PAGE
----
2. A la1 ated lap siding panel as claimed in claim 1, including an outwardly extending bead in proximity to the upper end of said metal layer adapted for compression into the lower portion of the insulation layer of an upper interengaged panel to provide a sealing engagement between adjoining interengaged panels.
3. A laminated lap siding panel as claimed in claim 2, including a layer of Kraft paper interposed between said insulation layer and said metallic foil and being adhered to said insulation layer and said foil.
4. A laminated lap siding panel as claimed in claim 3, the inner surface or said metal layer having a coating of anti-corrosion material.
5. A laminated lap siding panel as claimed in claim 1, wherein said plurality of notches extend through the lower edge of said metallic foil.
6. Laminated lap panel siding for the exterior wall sheathing of buildings, said siding comprising a plurality of identical interengaged panels assembled in longitudinally contiguous and abutting rows, each panel including an outer metal layer, an insulation layer of foamed rigid plastic material adhered to the inner surface of said metal layer, said plastic material being impermeable to penetration and absorption of moisture, and an inner moisture barrier layer of metallic insulation foil on the inner surface of said insulation layer, a lower ventilating air channel formed at the bottom of each panel in spaced relation from the lower edge of the insulation layer, the bottom of each panel overlapping and in contact with the exterior of the top of the panel immediately therebelow and forming an Upper air channel between a supporting member and the interior of the panels, ventilating openings in the bottom of said lower channel, and spaced notches in said insulation layer and metallic foil interconnecting said upper and lower air channels.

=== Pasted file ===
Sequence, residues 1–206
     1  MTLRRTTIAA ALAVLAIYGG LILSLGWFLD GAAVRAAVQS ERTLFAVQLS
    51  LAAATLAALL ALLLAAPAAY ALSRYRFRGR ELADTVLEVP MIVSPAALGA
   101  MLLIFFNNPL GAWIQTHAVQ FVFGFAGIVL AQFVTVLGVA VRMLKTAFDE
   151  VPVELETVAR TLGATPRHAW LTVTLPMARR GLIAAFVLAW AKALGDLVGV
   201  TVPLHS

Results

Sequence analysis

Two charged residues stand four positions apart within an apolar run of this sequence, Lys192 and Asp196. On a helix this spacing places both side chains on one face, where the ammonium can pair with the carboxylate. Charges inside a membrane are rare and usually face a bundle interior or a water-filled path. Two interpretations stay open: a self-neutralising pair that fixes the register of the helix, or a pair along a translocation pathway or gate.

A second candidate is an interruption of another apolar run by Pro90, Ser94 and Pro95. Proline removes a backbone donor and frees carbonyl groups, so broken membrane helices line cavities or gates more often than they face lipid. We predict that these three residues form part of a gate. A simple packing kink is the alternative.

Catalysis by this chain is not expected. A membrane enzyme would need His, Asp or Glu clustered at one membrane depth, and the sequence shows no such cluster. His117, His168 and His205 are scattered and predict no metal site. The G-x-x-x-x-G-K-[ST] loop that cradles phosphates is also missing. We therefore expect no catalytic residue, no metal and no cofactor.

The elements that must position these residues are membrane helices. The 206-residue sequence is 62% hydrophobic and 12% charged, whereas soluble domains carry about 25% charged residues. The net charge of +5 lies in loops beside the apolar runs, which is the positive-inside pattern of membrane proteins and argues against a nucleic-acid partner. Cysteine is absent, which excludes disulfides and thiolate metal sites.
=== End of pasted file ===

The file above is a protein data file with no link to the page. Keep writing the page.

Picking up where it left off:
7. Laminated lap siding as claimed in claim 6, said panels being arranged at a corner junction in spaced apart relationsh p, and wedge shaped inserts of foamed plastic material positioned at the ends of said panels and closing oil at least one of said upper air channels for controlled air ventilation flow.
8. Laminated lap siding as claimed in claim 7, including a corner member covering said ends of said panels and said insert.
9. A laminated lap siding panel for external wall sheathing for buildings, said panel comprising an outer metal layer, a layer of insulation of foamed rigid plastic material adhered to the inner surface of said metal layer, an inner moisture barrier layer of metallic foil on the inner surface of said layer of insulation, the lower edge of said metal layer being turned inwardly at the bottom and then upwardly at its inner edge forming a lower ventilating channel spaced from the bottom edge of the layer of insulation material, said channel having spaced vent openings therethrough opening into said channel from the exterior thereof, a plurality of notches in the lower edge of said layer of insulation extending upwardly therein providing controlled air circulation between said lower ventilating channel and the rear of said panel, and means adapting the top and bottom edges of said panel for interengagement with identical panels above and below it, said panel being adapted when applied as an external building Wall sheating component to prevent moisture condensate from forming on the inner side thereof by permitting moisture vapors to flow into said lower ventilating channel and be dissipated therefrom into the outer atmosphere.
References Cited in the file of this patent UNITED STATES PATENTS 1,968,228 Smith July 31, 1934 1,971,517 Belding Aug. 28, 1934 1,993,593 Carrozza Mar. 5, 1935 2,019,233 Nicol Oct. 29, 1935 2,042,890 Fulenwider June 3, 1936 10 2,128,824 Hubschman Aug. 30, 1938 2,173,774 Birch Sept. 19, 1939 2,173,815 Slisz Sept. 19, 1939 2,181,074 Scott Nov. 21, 1939 2,183,620 Myers Dec. 19, 1939 2,205,534 Lytle June 25, 1940 2,228,362 Patterson Jan. 14, 1941 2,403,318 Wesernan July 2, 1946 2,427,762 Carr Sept. 23, 1947 2,442,977 Hirsch lune 8, 1948 2,641,029 Trimmer June 9, 1953 2,659,323 Alvarez Nov. 17, 1953 2,682,236 Holmstrum June 29, 1954 2,740,166 Siering Apr. 3, 1956 2,766,861 Abramson Oct, 16, 1956 2,820,257 Newton Jan. 21, 1958 2,899,716 Woodward Aug. 18, 1959 3,001,332 Wilder Sept. 26, 1961 3,045,293 Potchen July 24, 1962 OTHER REFERENCES Alsco Aluminum Siding Circular F10574BS, October 1957, Alsco Inc., Akron, Ohio.